Gresham House Strategic (LON: GHS) has this morning announced its unaudited half year results for the period ended 30th September 2019.
- Strong share price performance, with share price rising 10.3% in the period
- Discount narrowing from 22.9% to 14.4% in the period
- 15% increase in the proposed interim dividend
- NAV Total Return of 40.0% since inception – outperforming comparator indices
Investment Management highlights
- Consolidation of the strong NAV performance of FY19 against volatile market conditions, NAV Total Return 0.3% vs 0.2% FTSE Small Cap Total Return, and NAV up a further 5.8% post-period end to 15 November 2019
- Further significantly profitable realisation of 1.3m IMImobile shares, generating a 21.7% IRR and 1.98x Money Multiple
- Two new strategic investments in H1 – £2.3m equity investment into Pressure Technologies and £2.1m Convertible Loan Note (CLN) into Lakes Distillery
- Further portfolio re-balancing progress within the period with five investments partially or fully exited, including three underperformers
- Development of the team capacity and capability through the hire of Richard Staveley, an experienced specialist small-cap manager
- Operational support and turnaround efforts in a number of under-performing investments
Post-period end highlights
- Share price rising a further 11.7%2, with discount narrowing to 9.8%
- Strong performance from Augean in particular, has helped grow NAV; NAV per share rising 5.8% between 30 September and 15 November
David Potter, Chairman of Gresham House Strategic plc, commented:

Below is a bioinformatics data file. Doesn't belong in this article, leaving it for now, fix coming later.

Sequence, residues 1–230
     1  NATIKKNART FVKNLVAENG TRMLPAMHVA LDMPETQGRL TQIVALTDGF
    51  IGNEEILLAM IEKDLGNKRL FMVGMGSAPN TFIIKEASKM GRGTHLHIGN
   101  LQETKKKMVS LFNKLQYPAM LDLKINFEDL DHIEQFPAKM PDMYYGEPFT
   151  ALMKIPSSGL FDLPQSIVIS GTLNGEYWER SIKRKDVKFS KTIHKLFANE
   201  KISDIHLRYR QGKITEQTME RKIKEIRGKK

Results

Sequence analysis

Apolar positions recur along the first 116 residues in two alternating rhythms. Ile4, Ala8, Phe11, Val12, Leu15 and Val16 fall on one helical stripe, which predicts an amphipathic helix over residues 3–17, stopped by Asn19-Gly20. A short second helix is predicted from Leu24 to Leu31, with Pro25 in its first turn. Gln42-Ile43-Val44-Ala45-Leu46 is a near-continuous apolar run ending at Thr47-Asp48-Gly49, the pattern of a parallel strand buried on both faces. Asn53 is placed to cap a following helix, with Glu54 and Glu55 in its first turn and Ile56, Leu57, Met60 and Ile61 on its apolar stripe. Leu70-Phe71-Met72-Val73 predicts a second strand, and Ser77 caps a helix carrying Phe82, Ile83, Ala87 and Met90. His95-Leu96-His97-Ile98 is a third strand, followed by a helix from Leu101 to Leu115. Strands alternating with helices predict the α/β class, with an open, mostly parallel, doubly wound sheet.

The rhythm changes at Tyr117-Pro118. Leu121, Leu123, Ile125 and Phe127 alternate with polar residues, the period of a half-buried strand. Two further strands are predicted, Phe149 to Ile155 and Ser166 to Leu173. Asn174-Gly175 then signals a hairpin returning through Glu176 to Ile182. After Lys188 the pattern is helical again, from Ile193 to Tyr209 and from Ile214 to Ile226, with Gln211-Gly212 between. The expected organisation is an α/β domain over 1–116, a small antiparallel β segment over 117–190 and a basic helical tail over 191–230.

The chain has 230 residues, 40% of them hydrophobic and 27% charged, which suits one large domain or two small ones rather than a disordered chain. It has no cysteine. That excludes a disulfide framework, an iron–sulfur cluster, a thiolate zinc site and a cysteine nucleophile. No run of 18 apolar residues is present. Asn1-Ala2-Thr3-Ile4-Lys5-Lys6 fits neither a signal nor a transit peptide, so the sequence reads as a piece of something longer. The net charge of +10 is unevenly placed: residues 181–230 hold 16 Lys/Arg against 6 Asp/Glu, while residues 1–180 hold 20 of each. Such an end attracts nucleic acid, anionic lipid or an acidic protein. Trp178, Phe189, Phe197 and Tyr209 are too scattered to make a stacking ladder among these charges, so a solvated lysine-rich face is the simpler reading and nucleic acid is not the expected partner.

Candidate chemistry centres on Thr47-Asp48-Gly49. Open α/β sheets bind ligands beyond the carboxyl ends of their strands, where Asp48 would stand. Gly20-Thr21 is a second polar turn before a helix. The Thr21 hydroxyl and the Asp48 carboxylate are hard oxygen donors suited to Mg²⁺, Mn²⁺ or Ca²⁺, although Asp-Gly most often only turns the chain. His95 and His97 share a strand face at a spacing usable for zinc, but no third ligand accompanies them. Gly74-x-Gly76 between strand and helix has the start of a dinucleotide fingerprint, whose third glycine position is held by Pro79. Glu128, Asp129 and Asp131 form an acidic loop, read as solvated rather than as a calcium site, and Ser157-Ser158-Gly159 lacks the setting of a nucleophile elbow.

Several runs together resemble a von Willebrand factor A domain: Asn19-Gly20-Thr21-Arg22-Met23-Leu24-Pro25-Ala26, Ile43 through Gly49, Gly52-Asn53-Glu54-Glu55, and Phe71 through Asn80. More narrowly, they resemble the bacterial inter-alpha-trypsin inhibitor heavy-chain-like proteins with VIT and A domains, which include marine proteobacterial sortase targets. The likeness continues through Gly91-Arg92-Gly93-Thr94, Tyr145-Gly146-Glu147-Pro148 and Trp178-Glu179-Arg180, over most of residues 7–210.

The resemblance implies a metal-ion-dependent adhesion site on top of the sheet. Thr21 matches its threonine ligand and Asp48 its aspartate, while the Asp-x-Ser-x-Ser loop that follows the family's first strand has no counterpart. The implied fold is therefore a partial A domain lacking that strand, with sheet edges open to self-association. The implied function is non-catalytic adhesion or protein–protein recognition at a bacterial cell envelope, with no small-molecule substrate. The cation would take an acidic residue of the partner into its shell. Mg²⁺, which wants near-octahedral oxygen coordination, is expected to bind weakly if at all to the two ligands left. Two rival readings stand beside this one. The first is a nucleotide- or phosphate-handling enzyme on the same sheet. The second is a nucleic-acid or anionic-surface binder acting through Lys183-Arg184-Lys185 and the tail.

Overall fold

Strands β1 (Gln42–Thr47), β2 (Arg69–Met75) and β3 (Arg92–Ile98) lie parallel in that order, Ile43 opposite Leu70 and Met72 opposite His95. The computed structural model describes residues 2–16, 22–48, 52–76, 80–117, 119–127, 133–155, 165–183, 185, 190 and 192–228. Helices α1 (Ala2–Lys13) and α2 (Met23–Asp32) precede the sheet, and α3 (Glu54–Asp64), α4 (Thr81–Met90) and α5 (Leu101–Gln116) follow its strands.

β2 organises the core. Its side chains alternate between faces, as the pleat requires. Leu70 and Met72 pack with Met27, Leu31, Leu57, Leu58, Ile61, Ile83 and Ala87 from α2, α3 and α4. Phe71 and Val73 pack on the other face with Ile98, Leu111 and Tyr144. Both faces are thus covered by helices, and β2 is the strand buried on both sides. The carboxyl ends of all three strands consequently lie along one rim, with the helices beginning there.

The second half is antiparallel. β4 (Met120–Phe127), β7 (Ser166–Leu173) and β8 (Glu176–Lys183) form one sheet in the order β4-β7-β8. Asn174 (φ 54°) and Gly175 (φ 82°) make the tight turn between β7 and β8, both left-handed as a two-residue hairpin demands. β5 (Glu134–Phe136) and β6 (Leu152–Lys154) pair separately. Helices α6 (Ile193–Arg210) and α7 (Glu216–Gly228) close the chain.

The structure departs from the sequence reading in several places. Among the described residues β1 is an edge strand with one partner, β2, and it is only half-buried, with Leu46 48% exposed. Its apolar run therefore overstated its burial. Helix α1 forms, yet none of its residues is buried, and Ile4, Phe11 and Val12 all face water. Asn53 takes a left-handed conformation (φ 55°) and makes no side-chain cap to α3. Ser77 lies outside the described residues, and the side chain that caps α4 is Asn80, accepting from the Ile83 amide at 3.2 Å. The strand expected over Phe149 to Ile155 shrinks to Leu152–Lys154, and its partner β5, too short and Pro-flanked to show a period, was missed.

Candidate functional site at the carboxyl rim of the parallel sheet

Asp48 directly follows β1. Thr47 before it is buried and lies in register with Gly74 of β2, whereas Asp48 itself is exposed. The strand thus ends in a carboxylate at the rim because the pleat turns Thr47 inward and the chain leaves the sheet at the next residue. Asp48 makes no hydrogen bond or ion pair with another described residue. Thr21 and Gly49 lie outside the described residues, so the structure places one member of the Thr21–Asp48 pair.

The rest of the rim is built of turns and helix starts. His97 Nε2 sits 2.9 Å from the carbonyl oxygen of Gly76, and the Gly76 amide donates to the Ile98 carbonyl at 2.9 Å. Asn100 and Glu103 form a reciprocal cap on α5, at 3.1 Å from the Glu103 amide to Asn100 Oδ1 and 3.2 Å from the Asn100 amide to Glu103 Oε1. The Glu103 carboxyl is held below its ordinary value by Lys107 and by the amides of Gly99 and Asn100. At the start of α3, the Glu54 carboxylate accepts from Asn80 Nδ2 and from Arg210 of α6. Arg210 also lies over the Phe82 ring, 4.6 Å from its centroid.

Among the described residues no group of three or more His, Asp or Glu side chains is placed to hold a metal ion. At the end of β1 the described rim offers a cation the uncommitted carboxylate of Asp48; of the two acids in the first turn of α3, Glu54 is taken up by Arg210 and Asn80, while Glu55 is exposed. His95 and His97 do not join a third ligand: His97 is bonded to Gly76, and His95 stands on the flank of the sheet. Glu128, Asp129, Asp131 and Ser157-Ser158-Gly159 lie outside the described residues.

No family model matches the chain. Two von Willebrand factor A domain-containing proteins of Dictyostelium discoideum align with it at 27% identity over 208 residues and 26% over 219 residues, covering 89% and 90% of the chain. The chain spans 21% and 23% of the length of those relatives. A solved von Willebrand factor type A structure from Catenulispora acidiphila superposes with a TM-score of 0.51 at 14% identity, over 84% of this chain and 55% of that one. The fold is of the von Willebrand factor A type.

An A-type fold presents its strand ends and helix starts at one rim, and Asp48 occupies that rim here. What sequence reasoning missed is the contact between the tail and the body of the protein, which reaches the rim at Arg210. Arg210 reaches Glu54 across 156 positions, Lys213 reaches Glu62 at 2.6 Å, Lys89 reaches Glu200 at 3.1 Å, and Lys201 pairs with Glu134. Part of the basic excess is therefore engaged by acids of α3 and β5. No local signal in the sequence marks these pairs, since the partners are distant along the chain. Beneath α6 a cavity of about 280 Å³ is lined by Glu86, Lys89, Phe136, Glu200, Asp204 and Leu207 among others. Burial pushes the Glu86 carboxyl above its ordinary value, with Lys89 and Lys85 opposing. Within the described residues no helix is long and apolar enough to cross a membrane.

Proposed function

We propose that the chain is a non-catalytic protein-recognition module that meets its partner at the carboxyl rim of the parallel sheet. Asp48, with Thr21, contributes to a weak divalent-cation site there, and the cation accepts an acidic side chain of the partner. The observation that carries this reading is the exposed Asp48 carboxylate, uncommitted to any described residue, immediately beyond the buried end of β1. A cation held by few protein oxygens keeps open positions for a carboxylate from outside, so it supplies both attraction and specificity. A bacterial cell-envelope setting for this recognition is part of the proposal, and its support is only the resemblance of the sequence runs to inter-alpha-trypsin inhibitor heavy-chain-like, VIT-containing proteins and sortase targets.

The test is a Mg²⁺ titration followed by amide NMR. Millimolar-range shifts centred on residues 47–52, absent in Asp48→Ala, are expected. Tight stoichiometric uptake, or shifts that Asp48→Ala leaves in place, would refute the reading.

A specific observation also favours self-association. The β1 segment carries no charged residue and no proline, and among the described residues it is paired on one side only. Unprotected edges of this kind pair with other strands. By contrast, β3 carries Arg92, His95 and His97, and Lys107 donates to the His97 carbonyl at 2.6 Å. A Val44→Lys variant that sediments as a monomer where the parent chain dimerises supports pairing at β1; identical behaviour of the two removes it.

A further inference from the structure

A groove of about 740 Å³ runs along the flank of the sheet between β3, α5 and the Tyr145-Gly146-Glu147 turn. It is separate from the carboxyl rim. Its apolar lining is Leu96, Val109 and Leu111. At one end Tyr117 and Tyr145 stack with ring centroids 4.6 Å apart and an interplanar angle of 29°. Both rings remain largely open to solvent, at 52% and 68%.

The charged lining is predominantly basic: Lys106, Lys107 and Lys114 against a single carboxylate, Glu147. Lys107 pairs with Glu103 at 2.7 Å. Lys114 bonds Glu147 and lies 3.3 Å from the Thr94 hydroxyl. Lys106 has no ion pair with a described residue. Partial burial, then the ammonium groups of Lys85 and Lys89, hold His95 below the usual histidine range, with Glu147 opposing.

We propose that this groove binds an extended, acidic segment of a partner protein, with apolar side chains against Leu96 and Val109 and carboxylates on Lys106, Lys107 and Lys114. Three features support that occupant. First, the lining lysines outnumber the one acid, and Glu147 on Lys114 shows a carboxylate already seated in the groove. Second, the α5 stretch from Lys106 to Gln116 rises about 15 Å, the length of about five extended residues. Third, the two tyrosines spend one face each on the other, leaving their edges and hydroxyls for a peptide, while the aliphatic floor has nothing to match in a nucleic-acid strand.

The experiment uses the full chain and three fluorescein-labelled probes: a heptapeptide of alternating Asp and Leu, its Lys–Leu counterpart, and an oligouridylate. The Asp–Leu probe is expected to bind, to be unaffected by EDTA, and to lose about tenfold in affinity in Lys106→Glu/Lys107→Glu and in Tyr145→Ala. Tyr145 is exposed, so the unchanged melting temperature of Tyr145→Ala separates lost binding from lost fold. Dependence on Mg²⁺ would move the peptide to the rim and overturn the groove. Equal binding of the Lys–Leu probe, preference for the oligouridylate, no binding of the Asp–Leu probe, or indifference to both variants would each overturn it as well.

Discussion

“I am pleased to report a satisfactory start to the year, despite the rising uncertainty around Brexit during the period. Our Investment Manager continues to believe the UK markets and many smaller companies in particular are undervalued and this market segment stands to benefit from a meaningful re-rating if and when the Brexit uncertainty is resolved.”
Graham Bird, Fund Manager and Managing Director of Strategic Public Equity, Gresham House, said:
“NAV has held steady during the first half of the year amidst an uncertain market, political and weakening economic backdrop. Nevertheless, we believe there are a number of factors which make the outlook for SPE investing and the near-term opportunities within the portfolio attractive. We therefore continue to view the opportunity set and outlook for GHS with cautious optimism.”
Richard Staveley, Fund Manager and Managing Director of Strategic Public Equity, Gresham House, said:
“The opportunity to invest in over-looked and unloved UK small companies has rarely been greater. Structural factors combined with the current market backdrop have created a uniquely exciting time for dedicated, longer-term investors. Gresham House’s Strategic Public Equity strategy is a truly active approach, delivering a clear concentration of best ideas, a passion for value and the platform to follow through on this opportunity.”